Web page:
The GPU support is extensive, offering variants including A100 80GB, A100 40GB, L4, and T4 GPUs with finely configured software stacks. These stack images include SageMath, Google Colab, Julia, PyTorch, Tensorflow and CUDA Toolkit, accommodating a versatile range of uses. The compute servers integrating these GPUs come at highly competitive pricing, particularly for spot instances. CoCalc's compute servers represent a massive enhancement to default projects, offering increased speed, flexibility, and computational power, transforming the way users can utilize CoCalc for their projects.


To set up a compute server in CoCalc, log into your project, create a compute server through the "Servers" button, selecting your desired software image and optionally a GPU. To use the server, create a terminal file or a Jupyter notebook, move it to the server through the upper left menu, and remember to sync files for editing during computations.

Finally, here is a quick tutorial on how to get started with compute servers on CoCalc:

  1. Once logged in, navigate to your project where you intend to use the compute server.

  2. Click on the "Servers" button on the left side of the screen and select "Create Compute Server".

  3. You will be prompted to select the desired software image and optionally a GPU. A GPU is selected by default but you can disable it if you don't need one. If you are going to write code using CUDA libraries, choose the "Cuda Toolkit" image. If you want to accelerate PyTorch computations with a GPU, choose the "PyTorch" image. If you want to use SageMath, choose the Sage image.

  4. Start your compute server.

  5. If you want to use the Linux command line, e.g., compilers, etc., create a terminal file (one ending in .term) and using the upper-left menu, select your compute server. If you chose the 'Cuda Toolkit', then the 'nvcc' command will be available for compiling .cu code.

  6. If you need to edit the files during your computations on the compute server, remember to click the 'Sync' button at the top left of the terminal for the files to get copied to your compute server.

  7. If you chose the "PyTorch" image or similar, create a Jupyter notebook and move it to the compute server via the upper-left menu. You can then select a Jupyter kernel that's available on the compute server, and your Jupyter notebook will run there.

Remember, compute servers are billed by the second only when they exist.



The default "Ubuntu 22.04" software environment has just been updated. This includes SageMath 10.1 and makes it the default version of Sage in CoCalc. In your existing Jupyter Notebooks, you have to update the list of kernels (if necessary) and switch to the "Sage 10.1" kernel.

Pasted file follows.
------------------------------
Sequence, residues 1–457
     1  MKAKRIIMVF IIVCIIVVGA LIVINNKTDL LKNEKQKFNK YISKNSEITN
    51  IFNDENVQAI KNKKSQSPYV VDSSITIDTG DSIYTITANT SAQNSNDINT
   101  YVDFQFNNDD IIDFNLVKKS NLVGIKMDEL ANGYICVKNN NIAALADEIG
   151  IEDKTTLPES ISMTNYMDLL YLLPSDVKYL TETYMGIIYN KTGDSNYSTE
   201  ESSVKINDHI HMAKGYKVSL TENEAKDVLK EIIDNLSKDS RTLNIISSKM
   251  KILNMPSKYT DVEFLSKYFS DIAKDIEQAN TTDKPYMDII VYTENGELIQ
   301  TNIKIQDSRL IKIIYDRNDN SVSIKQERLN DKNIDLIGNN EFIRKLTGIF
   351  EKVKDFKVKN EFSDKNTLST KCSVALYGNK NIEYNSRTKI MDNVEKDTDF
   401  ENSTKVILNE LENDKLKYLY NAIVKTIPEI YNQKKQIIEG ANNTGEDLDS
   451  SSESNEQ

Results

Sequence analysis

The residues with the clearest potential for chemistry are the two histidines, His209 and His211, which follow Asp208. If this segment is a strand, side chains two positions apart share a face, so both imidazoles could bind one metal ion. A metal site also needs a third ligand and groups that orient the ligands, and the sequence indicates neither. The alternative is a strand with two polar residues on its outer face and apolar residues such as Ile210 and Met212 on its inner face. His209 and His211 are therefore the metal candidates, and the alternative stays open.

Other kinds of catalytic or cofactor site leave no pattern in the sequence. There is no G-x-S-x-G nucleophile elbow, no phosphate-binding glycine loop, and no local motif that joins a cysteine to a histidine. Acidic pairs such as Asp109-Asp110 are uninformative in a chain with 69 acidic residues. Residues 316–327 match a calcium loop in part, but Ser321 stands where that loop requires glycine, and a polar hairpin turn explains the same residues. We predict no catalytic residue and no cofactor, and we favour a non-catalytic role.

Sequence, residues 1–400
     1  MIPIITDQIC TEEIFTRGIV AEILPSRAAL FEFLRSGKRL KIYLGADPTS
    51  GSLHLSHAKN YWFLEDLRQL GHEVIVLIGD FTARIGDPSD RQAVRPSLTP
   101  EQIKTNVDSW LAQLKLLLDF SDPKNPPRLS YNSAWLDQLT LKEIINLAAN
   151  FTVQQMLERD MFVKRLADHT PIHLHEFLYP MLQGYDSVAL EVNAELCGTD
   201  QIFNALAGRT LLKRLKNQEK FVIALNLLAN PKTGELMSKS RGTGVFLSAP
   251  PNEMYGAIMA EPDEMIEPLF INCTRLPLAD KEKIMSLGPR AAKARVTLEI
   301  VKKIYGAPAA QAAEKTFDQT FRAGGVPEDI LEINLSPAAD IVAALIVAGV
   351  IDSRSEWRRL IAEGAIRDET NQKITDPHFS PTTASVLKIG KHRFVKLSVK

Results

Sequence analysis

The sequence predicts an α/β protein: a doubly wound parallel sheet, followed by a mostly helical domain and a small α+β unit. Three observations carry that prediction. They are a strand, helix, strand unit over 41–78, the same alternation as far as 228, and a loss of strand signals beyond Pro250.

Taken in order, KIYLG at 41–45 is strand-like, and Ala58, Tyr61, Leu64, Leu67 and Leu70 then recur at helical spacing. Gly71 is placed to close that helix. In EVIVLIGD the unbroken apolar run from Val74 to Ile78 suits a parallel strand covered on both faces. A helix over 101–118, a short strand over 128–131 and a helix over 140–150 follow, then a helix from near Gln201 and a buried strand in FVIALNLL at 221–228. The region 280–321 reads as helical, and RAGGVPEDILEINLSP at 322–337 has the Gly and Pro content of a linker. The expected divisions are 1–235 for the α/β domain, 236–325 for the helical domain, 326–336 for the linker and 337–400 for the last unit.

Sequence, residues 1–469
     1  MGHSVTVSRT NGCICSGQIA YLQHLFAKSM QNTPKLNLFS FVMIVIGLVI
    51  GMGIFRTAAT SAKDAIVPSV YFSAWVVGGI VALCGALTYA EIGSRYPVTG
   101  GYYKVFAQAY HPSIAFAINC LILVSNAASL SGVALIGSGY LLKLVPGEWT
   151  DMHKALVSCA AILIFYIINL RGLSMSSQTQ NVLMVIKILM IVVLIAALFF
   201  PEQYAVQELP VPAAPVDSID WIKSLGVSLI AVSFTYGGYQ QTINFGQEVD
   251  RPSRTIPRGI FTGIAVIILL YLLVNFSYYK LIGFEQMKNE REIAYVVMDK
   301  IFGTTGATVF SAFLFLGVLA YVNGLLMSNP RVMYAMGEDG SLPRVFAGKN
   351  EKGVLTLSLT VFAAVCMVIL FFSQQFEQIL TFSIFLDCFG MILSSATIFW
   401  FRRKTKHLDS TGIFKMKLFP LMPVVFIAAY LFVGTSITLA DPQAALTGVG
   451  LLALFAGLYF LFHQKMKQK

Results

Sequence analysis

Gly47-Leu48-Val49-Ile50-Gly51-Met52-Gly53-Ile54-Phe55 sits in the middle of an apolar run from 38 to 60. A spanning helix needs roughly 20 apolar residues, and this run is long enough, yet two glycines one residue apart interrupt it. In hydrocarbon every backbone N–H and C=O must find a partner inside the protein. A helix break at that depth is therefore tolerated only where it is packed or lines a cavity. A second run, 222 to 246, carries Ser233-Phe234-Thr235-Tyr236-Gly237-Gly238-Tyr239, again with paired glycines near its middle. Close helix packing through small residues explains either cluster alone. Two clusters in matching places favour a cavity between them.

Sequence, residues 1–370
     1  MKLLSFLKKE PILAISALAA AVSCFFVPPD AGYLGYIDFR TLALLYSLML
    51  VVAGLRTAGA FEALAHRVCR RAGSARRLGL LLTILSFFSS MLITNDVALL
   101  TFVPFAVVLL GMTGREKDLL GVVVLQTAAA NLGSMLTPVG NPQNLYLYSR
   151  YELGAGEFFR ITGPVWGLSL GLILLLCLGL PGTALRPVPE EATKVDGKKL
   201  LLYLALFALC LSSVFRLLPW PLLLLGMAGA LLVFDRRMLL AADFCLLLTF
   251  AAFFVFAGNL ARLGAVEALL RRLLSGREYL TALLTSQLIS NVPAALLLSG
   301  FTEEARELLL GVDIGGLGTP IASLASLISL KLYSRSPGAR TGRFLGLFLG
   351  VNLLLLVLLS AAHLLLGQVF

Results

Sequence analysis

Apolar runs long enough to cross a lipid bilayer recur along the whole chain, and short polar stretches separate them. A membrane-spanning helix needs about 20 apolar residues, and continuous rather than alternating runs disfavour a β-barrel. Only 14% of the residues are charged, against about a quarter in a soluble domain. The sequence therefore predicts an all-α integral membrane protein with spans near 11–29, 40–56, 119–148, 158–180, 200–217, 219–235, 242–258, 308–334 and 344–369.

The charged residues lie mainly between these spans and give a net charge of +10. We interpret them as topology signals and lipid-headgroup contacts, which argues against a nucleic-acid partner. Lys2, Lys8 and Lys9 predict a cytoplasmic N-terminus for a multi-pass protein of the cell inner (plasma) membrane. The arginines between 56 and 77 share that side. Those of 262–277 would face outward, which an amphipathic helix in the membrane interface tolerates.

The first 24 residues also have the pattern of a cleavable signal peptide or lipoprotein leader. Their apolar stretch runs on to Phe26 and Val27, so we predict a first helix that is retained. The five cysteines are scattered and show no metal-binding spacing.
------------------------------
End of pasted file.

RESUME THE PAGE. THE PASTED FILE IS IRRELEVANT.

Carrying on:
Check out the release tour to learn what's new. E.g. you can now instantiate the 27 dimensional exceptional Jordan algebra:

O = OctonionAlgebra(GF(7), 1, 3, 4) J = JordanAlgebra(O) J
Exceptional Jordan algebra constructed from Octonion algebra over Finite Field of size 7 with parameters (1, 3, 4)

For more general information, visit the SageMath documentation.

In other notes, many tools and utilities have been updated and as a new addition, bun, a fast JavaScript runtime is available as well.

CoCalc now provides GPT-4 on a pay-for-what-you-use basis, in addition to our free GPT-3.5 functionality. As an instructor or student, you might have some questions about how this works!

  1. I don't see a warning about fees when I select "@GPT-4" in the chat window. Does the platform remind users about the fee before the chat is sent?

Anybody can select GPT-4 (in chat and other places), but the first time you use it, there is a big confirmation dialog. This lets you set a specific monthly spending limit (you can set anything you want), which is by default $0. You can always adjust this limit later at under "Self-Imposed Spending Limits", where you can also see the rates.

The dialog also lets you add credit to your account, in case you don't have any, and you can check on the status of that credit at After you explicitly set a limit and add credit, you don't get explicitly asked again every time you use GPT-4. Also, on any day when you use GPT-4, you'll receive an email statement at the end of the day listing how much you spent (and this is easy to disable).

  1. If a student uses GPT-4 once, will CoCalc default to GPT-4 thereafter?

Currently no. The default is always GPT-3.5. That said, several people have been requesting a way to default to GPT-4, to save themselves a click, so we will very likely make that an option sometime in the near future. But it will be possible to configure it either way.